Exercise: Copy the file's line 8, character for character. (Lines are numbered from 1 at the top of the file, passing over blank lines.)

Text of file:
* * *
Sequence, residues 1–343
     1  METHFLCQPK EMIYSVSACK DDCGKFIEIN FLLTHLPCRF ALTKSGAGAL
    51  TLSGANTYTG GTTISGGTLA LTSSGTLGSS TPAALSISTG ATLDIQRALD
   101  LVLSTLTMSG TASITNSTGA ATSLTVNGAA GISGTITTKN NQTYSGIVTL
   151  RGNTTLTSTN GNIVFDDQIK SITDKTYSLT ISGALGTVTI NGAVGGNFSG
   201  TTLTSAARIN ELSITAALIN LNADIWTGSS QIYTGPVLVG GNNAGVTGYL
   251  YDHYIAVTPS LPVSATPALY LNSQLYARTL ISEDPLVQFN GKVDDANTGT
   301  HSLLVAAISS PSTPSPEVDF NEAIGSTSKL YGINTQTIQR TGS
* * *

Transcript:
   301  HSLLVAAISS PSTPSPEVDF NEAIGSTSKL YGINTQTIQR TGS